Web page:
Tuesday , October 15 2019
Home / Cafe Hayek / Quotation of the Day…

Quotation of the Day…

Summary:
… is from page 346 of the 1990 Transaction Publishers reprint of W.H. Hutt’s 1936 volume, Economists and the Public: And it is when demand is impartial, when purchasers are completely ignorant or indifferent to the status (e.g. rank, age, sex, race, nationality or religion) of producers, and when other institutions do not protect status, that this tendency to equality finds realization. DBx: Occupational-licensing requirements, subsidies (such as those doled out through the U.S. Export-Import Bank to its crony clients), and protective tariffs are some of the chief means by which the state undermines the healthful impartiality here praised by Hutt. And the more this impartiality is undermined, the more does status replace contract as each person’s means of prospering and advancing in

Topics:
Don Boudreaux considers the following as important: , , , , ,

This could be interesting, too:

Don Boudreaux writes Some Links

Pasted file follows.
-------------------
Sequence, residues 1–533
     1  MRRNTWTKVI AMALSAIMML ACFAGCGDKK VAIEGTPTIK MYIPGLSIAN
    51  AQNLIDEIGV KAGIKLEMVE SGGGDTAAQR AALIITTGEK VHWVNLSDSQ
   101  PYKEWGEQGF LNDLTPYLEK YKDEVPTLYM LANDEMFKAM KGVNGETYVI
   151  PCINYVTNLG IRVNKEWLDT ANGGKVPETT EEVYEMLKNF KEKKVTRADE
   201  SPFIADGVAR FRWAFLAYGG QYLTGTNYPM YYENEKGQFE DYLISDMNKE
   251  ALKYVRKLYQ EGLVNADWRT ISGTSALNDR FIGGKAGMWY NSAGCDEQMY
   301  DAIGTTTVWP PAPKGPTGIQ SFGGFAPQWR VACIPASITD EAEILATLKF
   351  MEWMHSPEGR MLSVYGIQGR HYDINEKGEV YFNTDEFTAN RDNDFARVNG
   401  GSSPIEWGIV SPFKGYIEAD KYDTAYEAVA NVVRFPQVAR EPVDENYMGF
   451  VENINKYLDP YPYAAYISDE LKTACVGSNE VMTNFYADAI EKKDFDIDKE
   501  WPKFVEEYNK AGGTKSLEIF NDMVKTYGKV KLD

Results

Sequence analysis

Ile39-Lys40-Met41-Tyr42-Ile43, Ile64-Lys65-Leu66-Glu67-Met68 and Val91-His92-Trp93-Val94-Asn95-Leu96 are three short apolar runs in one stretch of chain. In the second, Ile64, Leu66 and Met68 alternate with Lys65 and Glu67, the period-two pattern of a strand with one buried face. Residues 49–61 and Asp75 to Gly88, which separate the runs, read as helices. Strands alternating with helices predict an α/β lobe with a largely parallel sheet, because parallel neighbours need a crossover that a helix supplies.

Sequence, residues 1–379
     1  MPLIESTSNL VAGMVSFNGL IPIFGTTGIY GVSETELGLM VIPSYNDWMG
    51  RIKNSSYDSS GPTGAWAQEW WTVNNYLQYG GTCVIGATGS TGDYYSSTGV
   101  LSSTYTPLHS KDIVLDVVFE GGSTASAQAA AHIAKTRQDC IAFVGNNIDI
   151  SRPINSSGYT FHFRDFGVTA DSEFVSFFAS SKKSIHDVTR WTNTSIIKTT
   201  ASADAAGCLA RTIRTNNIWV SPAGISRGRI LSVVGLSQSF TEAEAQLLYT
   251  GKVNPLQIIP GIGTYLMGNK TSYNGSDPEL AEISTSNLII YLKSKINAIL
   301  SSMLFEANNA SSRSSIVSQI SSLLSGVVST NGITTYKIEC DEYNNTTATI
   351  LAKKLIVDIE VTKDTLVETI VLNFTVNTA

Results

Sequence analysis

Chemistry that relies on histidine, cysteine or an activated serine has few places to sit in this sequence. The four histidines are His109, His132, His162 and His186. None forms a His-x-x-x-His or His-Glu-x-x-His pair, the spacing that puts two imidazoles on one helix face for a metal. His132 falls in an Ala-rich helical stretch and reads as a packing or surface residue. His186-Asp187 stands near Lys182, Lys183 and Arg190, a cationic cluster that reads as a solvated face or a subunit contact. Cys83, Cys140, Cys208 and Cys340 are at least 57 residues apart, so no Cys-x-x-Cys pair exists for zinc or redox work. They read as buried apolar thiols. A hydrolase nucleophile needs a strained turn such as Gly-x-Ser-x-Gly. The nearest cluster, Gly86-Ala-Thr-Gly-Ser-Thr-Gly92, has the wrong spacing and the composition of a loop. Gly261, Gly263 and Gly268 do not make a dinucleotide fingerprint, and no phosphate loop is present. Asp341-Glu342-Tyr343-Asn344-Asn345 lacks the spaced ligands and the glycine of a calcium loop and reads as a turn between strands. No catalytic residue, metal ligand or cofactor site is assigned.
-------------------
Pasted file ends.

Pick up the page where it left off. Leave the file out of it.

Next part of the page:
Don Boudreaux writes Quotation of the Day…

Don Boudreaux writes Pittsburgh Tribune-Review: “Ignoring income inequalities”

Don Boudreaux writes Some Links

… is from page 346 of the 1990 Transaction Publishers reprint of W.H. Hutt’s 1936 volume, Economists and the Public:

Quotation of the Day…And it is when demand is impartial, when purchasers are completely ignorant or indifferent to the status (e.g. rank, age, sex, race, nationality or religion) of producers, and when other institutions do not protect status, that this tendency to equality finds realization.

DBx: Occupational-licensing requirements, subsidies (such as those doled out through the U.S. Export-Import Bank to its crony clients), and protective tariffs are some of the chief means by which the state undermines the healthful impartiality here praised by Hutt. And the more this impartiality is undermined, the more does status replace contract as each person’s means of prospering and advancing in life. This bargain works out well for the fortunate few who attain status; it’s a calamity for the great majority of their fellow citizens.

Comments

Don Boudreaux
He is a professor of economics at George Mason University in Fairfax, Virginia. Previously, he was president of the Foundation for Economic Education.

Leave a Reply

Your email address will not be published. Required fields are marked *